• It’s important to be efficient without conveying an assembly-line approach.
  • Be a role model for self-care. If you work a seven-hour day, that’s 21 clients – make sure to take necessary breaks, drink fluids, and use proper biomechanical posture and movements.

5. Find out if companies’ health plans include flex benefits, and if employees can use their pre-tax flex benefits for massage therapy and bodywork.

  • If so, ask how you can communicate that fact to employees.
  • Find out when the flex benefit account is closed out each year, and send a notice to employees two months before to remind them how they can prevent those benefits from going to waste.

AMTA Provides Resources to Help You Expand Your Practice

  • AMTA’s Massage Therapy Career Guide series

Manual Three, "Managing Your Practice,"
pages 42-54 (includes sample letter to healthcare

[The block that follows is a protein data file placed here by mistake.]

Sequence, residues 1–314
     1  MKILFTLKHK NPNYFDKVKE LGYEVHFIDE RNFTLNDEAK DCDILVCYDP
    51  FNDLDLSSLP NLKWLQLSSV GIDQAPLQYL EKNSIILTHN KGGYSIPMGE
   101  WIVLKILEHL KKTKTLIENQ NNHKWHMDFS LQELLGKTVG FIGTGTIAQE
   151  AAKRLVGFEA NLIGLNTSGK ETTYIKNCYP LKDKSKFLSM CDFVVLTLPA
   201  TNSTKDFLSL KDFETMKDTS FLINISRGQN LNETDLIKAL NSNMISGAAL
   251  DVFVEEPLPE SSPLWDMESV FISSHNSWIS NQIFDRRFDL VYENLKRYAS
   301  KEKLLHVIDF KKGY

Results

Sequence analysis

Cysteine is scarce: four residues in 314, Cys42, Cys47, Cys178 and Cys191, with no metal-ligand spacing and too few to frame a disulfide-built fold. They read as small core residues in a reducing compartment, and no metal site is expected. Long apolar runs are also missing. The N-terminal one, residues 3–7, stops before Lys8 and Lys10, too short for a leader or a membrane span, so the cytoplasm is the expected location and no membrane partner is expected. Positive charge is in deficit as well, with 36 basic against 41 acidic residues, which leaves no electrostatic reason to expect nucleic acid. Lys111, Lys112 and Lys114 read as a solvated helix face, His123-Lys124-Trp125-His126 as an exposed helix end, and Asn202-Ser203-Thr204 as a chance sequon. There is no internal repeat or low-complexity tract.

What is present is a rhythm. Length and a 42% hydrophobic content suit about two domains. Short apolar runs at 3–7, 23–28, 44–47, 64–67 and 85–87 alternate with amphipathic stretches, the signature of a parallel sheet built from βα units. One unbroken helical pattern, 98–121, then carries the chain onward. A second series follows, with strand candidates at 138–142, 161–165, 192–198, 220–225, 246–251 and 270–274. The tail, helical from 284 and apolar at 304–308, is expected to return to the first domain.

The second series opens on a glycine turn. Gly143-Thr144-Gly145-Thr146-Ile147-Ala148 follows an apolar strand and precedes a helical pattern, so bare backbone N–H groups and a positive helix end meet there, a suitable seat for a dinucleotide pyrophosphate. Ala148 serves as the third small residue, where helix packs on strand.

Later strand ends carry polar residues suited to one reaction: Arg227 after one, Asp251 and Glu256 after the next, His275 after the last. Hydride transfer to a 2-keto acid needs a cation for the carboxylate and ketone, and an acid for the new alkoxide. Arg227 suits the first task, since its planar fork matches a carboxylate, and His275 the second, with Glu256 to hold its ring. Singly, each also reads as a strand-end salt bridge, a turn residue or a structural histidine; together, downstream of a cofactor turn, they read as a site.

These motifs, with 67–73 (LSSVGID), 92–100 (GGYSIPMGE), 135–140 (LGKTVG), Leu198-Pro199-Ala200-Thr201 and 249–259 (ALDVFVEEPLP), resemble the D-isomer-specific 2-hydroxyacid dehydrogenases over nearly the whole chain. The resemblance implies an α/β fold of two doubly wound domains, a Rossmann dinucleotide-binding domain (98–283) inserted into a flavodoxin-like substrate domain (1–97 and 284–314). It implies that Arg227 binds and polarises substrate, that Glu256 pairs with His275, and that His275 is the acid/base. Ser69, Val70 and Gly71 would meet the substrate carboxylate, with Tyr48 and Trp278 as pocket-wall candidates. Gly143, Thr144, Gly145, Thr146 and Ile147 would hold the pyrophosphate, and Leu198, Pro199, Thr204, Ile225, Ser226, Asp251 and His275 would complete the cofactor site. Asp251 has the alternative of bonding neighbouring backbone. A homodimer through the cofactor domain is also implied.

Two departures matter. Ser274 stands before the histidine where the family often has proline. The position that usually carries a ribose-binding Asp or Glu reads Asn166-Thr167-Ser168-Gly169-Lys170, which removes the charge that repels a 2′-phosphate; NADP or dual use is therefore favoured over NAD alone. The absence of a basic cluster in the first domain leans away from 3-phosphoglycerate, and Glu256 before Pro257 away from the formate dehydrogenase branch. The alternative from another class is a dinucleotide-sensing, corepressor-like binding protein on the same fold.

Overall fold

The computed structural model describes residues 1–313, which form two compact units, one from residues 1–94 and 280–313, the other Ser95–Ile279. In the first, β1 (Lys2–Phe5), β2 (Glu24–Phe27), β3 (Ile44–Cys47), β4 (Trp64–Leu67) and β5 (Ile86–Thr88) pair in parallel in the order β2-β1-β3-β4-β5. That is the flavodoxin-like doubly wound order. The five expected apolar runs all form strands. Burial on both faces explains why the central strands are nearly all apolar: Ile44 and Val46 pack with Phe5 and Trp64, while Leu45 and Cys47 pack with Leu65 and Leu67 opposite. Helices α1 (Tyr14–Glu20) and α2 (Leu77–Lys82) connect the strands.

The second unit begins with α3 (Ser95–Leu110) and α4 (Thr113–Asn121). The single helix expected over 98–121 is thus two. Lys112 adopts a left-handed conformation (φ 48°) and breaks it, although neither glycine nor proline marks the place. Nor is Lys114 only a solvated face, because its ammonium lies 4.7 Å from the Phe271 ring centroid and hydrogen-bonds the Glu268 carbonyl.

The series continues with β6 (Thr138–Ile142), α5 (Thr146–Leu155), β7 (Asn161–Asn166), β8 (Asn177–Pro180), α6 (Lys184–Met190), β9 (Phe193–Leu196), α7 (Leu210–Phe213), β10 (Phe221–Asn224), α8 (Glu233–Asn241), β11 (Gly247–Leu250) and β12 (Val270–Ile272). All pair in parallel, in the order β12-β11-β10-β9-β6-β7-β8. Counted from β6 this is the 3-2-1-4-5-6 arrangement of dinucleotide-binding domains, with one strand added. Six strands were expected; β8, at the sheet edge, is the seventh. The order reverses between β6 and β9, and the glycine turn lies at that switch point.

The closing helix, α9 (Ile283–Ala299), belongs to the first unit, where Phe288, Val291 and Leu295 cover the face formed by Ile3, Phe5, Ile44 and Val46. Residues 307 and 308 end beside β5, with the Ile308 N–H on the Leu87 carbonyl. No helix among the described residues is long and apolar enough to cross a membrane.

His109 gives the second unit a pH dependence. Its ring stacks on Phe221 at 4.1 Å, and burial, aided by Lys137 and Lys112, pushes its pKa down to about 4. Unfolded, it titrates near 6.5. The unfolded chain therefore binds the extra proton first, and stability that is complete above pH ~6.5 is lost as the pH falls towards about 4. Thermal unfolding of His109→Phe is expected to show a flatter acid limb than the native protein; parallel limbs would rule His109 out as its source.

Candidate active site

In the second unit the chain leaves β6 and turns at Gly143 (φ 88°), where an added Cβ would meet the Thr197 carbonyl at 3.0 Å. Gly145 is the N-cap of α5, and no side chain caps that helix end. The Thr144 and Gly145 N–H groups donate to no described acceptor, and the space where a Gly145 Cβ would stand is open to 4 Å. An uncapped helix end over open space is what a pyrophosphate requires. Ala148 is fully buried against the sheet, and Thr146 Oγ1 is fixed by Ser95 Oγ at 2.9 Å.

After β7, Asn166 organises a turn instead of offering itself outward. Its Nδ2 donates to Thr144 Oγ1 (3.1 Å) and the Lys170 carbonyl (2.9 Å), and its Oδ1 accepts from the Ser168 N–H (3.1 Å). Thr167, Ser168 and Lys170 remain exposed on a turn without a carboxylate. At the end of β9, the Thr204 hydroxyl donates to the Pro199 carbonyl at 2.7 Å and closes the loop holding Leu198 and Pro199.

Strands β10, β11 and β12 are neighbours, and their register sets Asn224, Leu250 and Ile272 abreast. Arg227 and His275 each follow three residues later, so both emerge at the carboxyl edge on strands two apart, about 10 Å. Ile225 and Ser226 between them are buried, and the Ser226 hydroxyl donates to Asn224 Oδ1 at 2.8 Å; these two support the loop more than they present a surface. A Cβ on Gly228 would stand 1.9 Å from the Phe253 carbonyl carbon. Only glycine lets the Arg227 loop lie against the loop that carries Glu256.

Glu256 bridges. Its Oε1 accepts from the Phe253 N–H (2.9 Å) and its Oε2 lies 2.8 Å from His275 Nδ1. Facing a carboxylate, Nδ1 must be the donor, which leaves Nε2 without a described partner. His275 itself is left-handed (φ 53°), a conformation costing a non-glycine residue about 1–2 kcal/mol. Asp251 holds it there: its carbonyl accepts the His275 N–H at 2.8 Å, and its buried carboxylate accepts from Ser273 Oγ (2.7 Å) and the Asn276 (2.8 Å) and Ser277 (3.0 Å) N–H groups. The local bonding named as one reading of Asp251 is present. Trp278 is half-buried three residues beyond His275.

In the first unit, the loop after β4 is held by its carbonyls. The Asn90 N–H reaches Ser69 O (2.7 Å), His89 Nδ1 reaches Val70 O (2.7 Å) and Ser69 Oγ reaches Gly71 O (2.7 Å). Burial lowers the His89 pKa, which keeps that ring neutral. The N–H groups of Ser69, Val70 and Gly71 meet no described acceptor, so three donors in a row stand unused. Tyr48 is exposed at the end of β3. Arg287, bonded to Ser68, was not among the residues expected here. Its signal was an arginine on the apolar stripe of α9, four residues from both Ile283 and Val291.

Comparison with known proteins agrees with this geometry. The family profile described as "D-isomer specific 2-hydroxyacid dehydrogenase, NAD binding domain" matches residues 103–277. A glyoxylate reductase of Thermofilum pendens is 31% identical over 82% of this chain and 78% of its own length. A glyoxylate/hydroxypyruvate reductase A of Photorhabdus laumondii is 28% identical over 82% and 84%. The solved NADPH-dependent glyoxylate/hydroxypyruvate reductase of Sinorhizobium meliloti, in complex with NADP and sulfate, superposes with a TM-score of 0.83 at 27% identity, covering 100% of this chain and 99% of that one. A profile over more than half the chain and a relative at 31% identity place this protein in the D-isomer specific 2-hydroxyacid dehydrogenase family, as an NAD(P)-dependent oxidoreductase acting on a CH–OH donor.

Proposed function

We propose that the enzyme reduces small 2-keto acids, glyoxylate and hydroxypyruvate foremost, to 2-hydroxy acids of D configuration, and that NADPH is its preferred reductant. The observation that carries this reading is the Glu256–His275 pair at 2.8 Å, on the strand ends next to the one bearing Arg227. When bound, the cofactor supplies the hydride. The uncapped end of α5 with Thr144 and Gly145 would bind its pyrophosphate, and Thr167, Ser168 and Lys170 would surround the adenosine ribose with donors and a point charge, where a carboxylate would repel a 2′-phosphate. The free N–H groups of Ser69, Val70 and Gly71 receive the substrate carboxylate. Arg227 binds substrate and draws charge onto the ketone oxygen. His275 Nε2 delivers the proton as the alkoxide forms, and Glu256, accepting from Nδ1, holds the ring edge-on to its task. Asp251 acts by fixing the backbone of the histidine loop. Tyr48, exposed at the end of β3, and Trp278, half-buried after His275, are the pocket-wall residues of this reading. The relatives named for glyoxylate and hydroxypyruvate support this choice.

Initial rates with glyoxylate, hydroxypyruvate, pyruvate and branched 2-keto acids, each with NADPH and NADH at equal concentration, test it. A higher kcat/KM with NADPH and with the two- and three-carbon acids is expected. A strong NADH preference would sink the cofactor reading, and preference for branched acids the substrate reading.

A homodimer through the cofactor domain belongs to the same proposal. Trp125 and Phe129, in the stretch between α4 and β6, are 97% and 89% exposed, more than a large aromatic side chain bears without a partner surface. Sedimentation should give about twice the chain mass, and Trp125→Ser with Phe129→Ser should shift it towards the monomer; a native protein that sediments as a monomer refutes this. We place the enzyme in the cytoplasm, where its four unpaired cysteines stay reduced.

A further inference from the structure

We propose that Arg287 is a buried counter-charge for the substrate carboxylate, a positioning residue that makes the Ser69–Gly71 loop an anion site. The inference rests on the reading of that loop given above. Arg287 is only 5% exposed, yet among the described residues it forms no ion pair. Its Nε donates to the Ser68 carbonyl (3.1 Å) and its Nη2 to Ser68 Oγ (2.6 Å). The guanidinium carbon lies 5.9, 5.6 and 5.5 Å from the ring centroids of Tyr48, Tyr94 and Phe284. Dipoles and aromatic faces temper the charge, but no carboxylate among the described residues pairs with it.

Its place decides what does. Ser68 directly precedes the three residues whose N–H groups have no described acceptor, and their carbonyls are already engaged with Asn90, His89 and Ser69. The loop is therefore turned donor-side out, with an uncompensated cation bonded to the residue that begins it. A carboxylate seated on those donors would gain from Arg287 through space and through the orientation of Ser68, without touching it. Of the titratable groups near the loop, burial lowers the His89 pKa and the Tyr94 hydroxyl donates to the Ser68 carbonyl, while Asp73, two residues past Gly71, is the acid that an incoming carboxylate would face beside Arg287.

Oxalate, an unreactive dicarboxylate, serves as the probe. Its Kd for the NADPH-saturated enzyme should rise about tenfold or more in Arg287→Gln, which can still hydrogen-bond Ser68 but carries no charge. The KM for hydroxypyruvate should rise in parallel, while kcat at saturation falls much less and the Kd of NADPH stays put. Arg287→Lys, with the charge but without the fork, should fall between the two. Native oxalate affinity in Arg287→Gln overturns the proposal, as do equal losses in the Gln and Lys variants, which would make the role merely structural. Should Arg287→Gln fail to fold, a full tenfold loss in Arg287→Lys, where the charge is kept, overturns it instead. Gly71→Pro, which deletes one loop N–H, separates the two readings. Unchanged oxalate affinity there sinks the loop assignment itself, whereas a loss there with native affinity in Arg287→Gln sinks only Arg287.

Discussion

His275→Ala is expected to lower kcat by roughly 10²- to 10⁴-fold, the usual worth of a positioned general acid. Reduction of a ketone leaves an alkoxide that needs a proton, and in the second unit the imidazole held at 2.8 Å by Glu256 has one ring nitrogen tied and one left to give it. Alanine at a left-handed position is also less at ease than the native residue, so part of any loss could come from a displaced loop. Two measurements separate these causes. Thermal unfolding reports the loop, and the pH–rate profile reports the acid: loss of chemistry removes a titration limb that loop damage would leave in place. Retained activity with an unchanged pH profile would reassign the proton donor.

Manual Four, "Marketing Your Practice".

  • AMTA Source Catalog

Order AMTA brochures.

Updated surveys, articles and research on massage therapy.

Available for downloading and reproduction. Copyright information must be included.

Search job openings and post your rsum.

Wellness Resources

Other Resources

  • Andrade, C. and Clifford, P. Outcome-Based Massage. Lippincott, Williams & Wilkins, 2001.
  • Callahan, M. and D. Luther. The Medical Massage Office Manual, 2nd Edition. Callahan/Luther Partnership, 1999.
  • Field, T. Touch Therapy. Harcourt Publishers, Ltd, 2000.
  • Fritz, S. Mosby’s Fundamentals of Therapeutic Massage. Lippincott, Williams & Wilkins, 1999.
  • Huerther, S. and McCance, K. Understanding Pathophysiology. Harcourt Health Services, 1999.
  • Werner, R. and Benjamin, B. A Massage Therapists’ Guide to Pathology. Lippincott, Williams & Wilkins, 1998.
Search job openings, post your rsum, and access salary survey responses.

1 "Post-Legislative Mandate: Two-Thirds of Group Health Clinician Respondents View CAM as Effective," The Integrator for the Business of Alternative Medicine, April 2001.

2 AMTA "Demand for Massage Therapy" fact sheet,

3 "Update on the Cost-Effectiveness of Worksite Health Promotion Programs" by Larry S. Chapman, MPH. Wellness Management, Winter 1997, Vol. 13, No. 4, pp. 3-5.

For the .PDF version of this page, click here.